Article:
Hernando de Soto

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He has led a heroic struggle on behalf of people trapped without property rights or the ability to earn a living legally. It started in Peru and has spread to the

He has led a heroic struggle on behalf of people trapped without property rights or the ability to earn a living legally.  It started in Peru and has spread to the broader world.

 

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user's picture

What both de Soto and the Doing Business Indicators ignore is to measure the benefits of formalization. By focussing on the costs of starting a business, they miss This is a crucial point. To ignore it is to get only a partial answer to what the issues really are. Work that I did on the informal sector in Peru in the 1990s revealed that most people who ran informal businesses would rather have had proper jobs. In many cases, the informal sector is not teeming with heroic entrepreneurs but with people who engage in informal business in order to stay alive. Informality was a substitute for formal sector employment. A substantial amount of empirical investigation has revealed that businesses in the informal sector is far less productive than formal business and that the larger formal businesses are, the more productive they are. Yet a major thrust of development policy is to promote SMEs. Small business fundamentalism", which is practiced by both governments and aid situations in developing countries, is doing a lot of Harm. policy needs to focus on is to ensure that the small number of small businesses that are successful do not have serious barriers to growing bigger. And I could not disagree more with Alex about the value of the Doing Business Indicators. In most cases they are wildly inaccurate due to faulty methodology and poor data collection, (as a World Bank internal evaluation pointed out in 2008). While they do have some use in getting politicians to focus on institutional reform issues, as an analytical tool, they are of little value.

user's picture

I am not advocating for no laws or chaos as a solution to increase productivity of small business, but laws are made with big business in mind, at least in Latin America, and the excess of regulations made impossible for small business to take off. This is very clear comparing the situation in the real life between Tacna and Arica as I described above. The logic of small business is fundamentally different of "normal" business in poor countries, informal business are starving and they would be better with a fix job? Sure! but this is not a choice, formal jobs in poor countries are not precisely abundant. Obviously informal business are much less productive than bigger formals, there are no point of comparison in scale. It is like compare apples with oranges.
My point is that with the legal framework who is common in Latin America, aimed to over regulate and tax heavily the "rich businessmen" very few small business can work into this framework, if any.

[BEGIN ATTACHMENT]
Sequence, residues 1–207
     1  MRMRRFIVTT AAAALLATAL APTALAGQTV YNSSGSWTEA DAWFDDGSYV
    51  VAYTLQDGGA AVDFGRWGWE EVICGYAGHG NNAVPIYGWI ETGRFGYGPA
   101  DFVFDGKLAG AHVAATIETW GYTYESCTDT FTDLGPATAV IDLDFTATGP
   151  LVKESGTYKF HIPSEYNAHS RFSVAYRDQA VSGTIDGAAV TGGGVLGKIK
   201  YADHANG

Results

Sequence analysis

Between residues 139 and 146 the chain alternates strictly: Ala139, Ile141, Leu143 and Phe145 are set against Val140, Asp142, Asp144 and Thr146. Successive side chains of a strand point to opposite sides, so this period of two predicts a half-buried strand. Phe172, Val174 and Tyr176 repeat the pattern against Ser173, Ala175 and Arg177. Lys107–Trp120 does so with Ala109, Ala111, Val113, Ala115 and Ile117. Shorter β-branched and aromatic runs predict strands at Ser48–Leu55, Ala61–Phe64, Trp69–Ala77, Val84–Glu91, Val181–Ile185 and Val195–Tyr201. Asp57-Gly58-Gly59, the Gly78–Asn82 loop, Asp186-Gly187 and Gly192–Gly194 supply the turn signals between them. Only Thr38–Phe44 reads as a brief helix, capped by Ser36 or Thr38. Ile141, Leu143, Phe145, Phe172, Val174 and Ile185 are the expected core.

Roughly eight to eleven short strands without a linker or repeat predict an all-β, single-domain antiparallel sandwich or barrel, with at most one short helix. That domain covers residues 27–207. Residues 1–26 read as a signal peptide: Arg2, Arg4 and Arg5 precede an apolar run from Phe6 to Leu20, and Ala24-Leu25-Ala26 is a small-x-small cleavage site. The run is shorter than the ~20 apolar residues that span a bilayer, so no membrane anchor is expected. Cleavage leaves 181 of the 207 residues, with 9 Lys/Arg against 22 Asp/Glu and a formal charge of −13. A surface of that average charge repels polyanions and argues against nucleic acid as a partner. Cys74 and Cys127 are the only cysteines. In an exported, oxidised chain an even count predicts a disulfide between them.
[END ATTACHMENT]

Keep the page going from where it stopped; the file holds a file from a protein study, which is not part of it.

And the legalization doesn´t help the fundamental problems of small business: a typical small business has huge margins but tiny sales. The old lady who sell food in the street profit above 100% but her sales are so few that she is always near bankruptcy. This problem is not solved with more capital nor with loans or legal entitlements but with help to sell the production. Government seldom gives this kind of help.
The 90s was an horrible decade for Peru for many reasons, but now the informal economy is strong, healty and very competitive if we compare at the same scale with similar business in Chile, pity that this seldom appears in studies or official figures because informal earnings are not registered.

"the excess of regulations made impossible for small business to take off." Thats exactly what De Soto wants to resolve. If you have good institutions converting the informal sector to a formal sector of course is beneficial for society. This has to do with standards and rights at work, employment creation, social protection and social recognition. Please also see the decent work debate. http://en.wikipedia.org/wiki/Decent_work

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Very interesting and thanks for the link. However I strongly disagree. Terms as "decent" are completely subjective and impossible to apply under general basis. What if I agree -by my free will- to work under terms that any 3rd party consider not-decent? May I be obligated by force to not accept to work under those conditions? Why must I be obligated to obey the subjective preferences of someone who has nothing to do with me and my own preferences?.
I remark: regulations are prohibitions enforced by law and the repressive mechanism of state, created by well intentioned people (sometimes) forbidding to me to set a contract as my will. I don´t say that all regulations are bad but, as prohibitions they are a necessary evil and the less we have the better. Rich countries tend to over regulate and this lead them to the decay, in poor countries unregulated as Hong Kong or Singapore in the past century the freedom and prosperity flourish. Poor countries over regulated or regulated with bad laws often lost competitivity

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Thanks for sharing the informative and interesting article post about the Spanish explorer Hernando de soto. He also helped conquered Peru and discovered Mississippi River. Do my dissertation for me

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